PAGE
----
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  • Do it Yourself - 120 volt interconnected smoke detectors

       Wiring Home > 120 volt interconnected smoke detectors
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    This section covers 120 volt interconnected smoke detectors. Smoke detectors are required to be interconnected so that if one sounds, they all sound. The detector should also have a back up battery to provide protection in the event of a power outage. The best type of smoke detector to purchase is one that has both ionization and photoelectric detection methods in a single detector.

    Smoke Detector Placement.

    Most people will have one smoke detector per floor, however this is not the best detection method. If a door is closed to a room in which a fire starts it will be out of control before the smoke reaches the detector. For the best protection for your family I would recommend you place a detector in every room including the attic and basement, but excluding the bathroom and kitchen. You should try to get one as close to the kitchen as possible but it should be in a area not effected by the smoke generated from cooking.

    For optimal detection smoke detectors should be placed on the ceiling no closer than 12 inches to a wall. If the detector must be placed on a wall the top of the detector should be 6 inches down from the ceiling.

    Installing Smoke Detectors.

    It is best to have your smoke detector on their own circuit and not a circuit with other devices. I recommend using 14g wire when for your smoke detector circuit, the maximum wire length between any two detectors is 4000 feet. There is a maximum number of detectors that may be interconnected on a single circuit, but this varies between manufactures and type of detector so read the instructions for your detector to determine how many detectors you may interconnect on a single circuit.

    Let’s install a Smoke Detector circuit.
    • Decide your placement.
    • Run a 14/2 romex from your electrical panel to the first detector in your circuit.
    • Run a 14/3 romex from the first detector to the next detector and so on to each of the other detectors. This circuit needs to be daisy chained, do not splice the cable and take a single cable to a detector. You should have 2 14/3 cables at each detector with the exception of the first one in the circuit.
    • Now install an electrical box at each location. (A plastic box makes this eaiser.)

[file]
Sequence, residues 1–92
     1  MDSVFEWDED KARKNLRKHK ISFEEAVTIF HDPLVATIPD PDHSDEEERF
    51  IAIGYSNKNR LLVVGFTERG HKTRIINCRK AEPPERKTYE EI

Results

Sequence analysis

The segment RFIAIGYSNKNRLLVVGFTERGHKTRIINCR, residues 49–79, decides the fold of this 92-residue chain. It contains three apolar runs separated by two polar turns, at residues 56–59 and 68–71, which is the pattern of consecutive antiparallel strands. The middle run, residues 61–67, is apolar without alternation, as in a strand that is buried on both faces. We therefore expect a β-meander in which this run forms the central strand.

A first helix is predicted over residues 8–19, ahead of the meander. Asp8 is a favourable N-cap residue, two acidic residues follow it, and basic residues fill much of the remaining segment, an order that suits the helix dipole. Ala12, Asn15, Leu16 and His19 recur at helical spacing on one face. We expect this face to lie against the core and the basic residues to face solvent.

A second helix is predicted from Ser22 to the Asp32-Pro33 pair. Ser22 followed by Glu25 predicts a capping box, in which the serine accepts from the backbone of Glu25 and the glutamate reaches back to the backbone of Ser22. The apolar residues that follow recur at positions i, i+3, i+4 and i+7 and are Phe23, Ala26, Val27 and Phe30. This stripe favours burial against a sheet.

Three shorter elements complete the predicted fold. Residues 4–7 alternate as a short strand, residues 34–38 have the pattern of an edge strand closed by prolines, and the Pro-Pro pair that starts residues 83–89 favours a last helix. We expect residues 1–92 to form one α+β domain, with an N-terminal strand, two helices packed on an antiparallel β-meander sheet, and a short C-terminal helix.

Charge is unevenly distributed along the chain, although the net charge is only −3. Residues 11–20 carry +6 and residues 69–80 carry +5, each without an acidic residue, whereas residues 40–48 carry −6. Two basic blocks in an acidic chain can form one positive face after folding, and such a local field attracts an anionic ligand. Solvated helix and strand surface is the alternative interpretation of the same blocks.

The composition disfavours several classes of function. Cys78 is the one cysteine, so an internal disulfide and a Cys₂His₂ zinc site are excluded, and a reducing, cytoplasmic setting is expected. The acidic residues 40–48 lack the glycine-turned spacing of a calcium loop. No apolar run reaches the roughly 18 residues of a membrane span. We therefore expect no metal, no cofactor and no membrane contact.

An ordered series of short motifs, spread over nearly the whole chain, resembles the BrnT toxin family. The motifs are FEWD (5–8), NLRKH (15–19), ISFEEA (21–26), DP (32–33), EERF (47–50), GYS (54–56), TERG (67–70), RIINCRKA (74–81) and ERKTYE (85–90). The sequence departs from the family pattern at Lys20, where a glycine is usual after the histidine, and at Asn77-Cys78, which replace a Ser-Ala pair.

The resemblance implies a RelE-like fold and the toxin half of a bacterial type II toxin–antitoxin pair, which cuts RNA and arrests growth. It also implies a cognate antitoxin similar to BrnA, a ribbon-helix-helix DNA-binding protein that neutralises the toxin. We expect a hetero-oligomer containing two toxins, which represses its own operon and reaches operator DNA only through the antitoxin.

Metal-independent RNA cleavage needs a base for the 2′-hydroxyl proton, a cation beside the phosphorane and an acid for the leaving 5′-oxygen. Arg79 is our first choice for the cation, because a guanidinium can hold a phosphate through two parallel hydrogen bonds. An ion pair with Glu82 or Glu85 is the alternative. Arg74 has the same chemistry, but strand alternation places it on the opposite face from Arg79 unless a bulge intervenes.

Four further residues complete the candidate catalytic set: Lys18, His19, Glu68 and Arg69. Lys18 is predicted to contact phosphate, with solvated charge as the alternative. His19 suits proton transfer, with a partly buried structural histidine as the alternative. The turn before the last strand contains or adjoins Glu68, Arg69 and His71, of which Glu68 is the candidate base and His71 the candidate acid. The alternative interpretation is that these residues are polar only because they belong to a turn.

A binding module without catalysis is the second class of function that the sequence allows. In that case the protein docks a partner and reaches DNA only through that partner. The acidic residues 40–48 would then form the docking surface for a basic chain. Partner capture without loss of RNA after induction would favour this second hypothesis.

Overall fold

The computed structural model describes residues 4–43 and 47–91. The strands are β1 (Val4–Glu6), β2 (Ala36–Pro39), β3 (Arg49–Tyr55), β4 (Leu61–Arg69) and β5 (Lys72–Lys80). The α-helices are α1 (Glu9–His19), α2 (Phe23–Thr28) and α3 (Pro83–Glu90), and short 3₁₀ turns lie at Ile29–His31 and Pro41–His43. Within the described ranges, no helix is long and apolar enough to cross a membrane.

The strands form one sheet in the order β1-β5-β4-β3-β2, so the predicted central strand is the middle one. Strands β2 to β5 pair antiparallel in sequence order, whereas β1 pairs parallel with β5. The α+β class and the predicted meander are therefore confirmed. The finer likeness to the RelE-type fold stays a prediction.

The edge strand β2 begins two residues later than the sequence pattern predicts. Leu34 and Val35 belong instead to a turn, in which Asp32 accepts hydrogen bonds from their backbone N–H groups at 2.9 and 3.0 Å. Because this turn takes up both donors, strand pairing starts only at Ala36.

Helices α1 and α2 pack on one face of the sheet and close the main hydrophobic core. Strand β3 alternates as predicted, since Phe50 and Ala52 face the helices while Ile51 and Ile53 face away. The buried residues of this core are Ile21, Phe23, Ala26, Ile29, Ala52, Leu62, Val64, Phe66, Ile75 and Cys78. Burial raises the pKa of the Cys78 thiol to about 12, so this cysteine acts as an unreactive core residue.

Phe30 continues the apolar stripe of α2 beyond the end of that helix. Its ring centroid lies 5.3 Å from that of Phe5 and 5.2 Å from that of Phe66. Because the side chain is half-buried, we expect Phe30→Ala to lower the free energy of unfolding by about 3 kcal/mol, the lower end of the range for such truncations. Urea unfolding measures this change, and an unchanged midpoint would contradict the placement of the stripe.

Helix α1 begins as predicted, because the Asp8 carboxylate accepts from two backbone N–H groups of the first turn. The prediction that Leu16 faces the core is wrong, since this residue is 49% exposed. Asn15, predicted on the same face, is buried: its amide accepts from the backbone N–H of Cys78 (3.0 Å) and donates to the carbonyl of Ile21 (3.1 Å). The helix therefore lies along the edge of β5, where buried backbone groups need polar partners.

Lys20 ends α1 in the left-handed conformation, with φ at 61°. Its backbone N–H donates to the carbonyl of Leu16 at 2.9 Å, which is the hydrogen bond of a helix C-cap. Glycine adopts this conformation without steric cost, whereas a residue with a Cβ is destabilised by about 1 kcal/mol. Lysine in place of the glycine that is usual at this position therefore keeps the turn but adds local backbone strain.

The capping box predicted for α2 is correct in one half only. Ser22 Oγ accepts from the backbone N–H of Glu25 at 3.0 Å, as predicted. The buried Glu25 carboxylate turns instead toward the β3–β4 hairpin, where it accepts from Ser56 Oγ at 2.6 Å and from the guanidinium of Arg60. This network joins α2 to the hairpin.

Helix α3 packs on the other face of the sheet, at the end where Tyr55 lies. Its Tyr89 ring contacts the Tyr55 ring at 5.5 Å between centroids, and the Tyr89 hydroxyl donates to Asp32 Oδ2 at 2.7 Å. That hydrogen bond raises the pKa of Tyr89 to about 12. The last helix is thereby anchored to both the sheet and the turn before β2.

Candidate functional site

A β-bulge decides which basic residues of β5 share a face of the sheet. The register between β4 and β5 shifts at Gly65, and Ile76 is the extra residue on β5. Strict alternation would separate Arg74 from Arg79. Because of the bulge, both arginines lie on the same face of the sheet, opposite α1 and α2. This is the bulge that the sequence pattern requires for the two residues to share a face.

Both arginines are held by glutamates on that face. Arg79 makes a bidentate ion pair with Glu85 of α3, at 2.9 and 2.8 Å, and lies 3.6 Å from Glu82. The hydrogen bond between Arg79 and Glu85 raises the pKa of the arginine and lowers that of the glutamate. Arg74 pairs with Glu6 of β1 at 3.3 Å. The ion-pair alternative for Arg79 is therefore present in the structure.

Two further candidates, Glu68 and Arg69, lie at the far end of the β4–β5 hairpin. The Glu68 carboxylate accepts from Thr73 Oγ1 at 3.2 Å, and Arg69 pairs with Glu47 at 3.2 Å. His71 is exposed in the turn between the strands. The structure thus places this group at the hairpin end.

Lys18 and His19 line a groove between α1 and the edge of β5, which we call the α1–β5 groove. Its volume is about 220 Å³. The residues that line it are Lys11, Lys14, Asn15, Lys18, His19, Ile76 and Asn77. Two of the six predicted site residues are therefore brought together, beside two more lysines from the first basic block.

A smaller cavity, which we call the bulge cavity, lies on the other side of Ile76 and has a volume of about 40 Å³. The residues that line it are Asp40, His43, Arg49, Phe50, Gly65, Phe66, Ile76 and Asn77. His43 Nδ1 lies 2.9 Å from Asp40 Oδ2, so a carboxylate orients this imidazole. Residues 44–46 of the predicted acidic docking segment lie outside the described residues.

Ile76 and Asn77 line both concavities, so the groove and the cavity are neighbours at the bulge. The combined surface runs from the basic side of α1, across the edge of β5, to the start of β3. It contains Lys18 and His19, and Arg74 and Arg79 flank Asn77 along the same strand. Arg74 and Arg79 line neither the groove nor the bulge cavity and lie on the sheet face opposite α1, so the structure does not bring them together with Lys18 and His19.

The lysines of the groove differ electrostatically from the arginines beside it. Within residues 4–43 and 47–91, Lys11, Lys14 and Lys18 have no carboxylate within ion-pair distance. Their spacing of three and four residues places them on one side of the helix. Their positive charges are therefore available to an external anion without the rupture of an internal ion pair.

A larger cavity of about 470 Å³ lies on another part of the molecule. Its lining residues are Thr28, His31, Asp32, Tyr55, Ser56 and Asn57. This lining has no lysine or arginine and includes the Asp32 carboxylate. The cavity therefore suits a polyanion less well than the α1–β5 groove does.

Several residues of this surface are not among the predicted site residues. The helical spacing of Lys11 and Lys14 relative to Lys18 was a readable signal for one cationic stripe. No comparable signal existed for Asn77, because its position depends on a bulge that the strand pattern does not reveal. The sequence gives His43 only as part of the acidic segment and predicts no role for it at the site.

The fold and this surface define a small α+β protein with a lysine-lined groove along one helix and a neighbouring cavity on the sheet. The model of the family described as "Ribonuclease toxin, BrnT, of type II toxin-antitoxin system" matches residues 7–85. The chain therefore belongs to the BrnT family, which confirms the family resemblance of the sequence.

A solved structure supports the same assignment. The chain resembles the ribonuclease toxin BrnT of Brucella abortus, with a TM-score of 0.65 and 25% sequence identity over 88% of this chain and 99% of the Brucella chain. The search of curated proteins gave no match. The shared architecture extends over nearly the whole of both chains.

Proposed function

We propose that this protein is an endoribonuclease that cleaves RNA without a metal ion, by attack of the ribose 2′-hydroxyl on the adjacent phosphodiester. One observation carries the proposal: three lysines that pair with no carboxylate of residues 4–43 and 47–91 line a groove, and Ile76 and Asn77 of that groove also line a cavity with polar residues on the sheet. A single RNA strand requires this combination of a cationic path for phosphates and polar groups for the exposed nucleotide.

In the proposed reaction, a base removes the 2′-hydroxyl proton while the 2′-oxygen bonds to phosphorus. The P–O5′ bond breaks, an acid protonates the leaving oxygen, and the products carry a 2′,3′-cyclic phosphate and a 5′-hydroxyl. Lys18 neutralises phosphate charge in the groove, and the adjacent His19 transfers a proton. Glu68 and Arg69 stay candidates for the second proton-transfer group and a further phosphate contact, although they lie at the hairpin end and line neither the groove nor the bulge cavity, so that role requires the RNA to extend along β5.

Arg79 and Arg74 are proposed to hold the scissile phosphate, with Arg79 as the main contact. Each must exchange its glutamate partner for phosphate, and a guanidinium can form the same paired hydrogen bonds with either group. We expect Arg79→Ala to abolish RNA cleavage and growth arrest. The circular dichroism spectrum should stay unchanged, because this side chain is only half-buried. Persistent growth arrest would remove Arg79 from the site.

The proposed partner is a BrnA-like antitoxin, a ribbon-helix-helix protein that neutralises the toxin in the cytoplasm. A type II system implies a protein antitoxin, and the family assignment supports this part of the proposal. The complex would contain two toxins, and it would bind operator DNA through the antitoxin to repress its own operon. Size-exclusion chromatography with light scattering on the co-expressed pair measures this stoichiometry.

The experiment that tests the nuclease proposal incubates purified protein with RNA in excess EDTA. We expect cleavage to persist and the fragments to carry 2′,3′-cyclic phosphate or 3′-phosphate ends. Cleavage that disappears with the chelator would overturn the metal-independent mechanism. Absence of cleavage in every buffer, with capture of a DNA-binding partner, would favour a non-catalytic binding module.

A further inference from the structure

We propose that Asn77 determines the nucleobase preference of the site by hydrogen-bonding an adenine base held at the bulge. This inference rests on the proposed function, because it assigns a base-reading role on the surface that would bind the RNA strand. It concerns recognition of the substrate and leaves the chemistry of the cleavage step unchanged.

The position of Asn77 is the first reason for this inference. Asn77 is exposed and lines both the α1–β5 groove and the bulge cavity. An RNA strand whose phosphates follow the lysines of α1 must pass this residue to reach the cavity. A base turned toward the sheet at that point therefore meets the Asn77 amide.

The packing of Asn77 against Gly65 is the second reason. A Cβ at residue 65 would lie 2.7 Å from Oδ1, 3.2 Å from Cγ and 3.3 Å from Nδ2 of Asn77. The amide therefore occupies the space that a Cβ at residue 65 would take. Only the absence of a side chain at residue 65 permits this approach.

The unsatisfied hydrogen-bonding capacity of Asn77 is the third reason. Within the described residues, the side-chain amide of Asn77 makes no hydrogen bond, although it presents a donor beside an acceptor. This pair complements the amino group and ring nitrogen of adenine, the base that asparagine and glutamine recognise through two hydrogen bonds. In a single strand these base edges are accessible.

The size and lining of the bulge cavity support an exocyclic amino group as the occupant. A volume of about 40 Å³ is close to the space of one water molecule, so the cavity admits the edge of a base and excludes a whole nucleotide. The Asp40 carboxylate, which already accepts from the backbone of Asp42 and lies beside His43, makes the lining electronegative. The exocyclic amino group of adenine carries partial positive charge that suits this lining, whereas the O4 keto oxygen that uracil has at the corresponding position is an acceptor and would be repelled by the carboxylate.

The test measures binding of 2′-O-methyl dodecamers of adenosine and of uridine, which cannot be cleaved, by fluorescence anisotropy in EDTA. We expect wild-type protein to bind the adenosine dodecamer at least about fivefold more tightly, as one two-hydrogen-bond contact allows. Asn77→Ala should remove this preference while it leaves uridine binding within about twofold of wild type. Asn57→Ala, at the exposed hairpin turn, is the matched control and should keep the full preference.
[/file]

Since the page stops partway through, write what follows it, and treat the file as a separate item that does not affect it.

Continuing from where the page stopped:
• Next install your detectors at each location. Connect the black wires together, connect the white wires together, connect the ground wires together, connect the red wire to the interconnect wire. Fasten the detector to the box.
    • Install the new 15 amp circuit breaker in your electrical panel and connect your conductors.
    • Test your smoke detectors.

    Related Resources:
  • Home Security Alarms, sensors and systems
  • Electronic Protection and Security Systems
  • Smoke Detector Placement
  • Smoke Detectors – Your family may not be properly protected.

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    It is important to note that electrical codes change, and that in some areas local electrical codes are not the same as the National Electrical code. The local authority having jurisdiction in your area may have different codes than the national code. It is important to find out if your local codes differ from the national code, your local authority having jurisdiction is the final judge and jury.

    Disclaimer: You understand that you are personally responsible for your own wiring, and that you're wiring should conform to the National Electrical code. The information provided is general installation advice. We make no claims about the completeness or the accuracy of the information as it may apply to an infinite amount of field conditions. It is the responsibility of the person or persons using this information to check with all concerned parties, owners and local authorities, etc. before doing an installation. Users of this information agree to hold Wireityourself.com or any of its agents harmless form liabilities of any kind relating to the use of this information. You also agree to the terms set forth in our terms and conditions.

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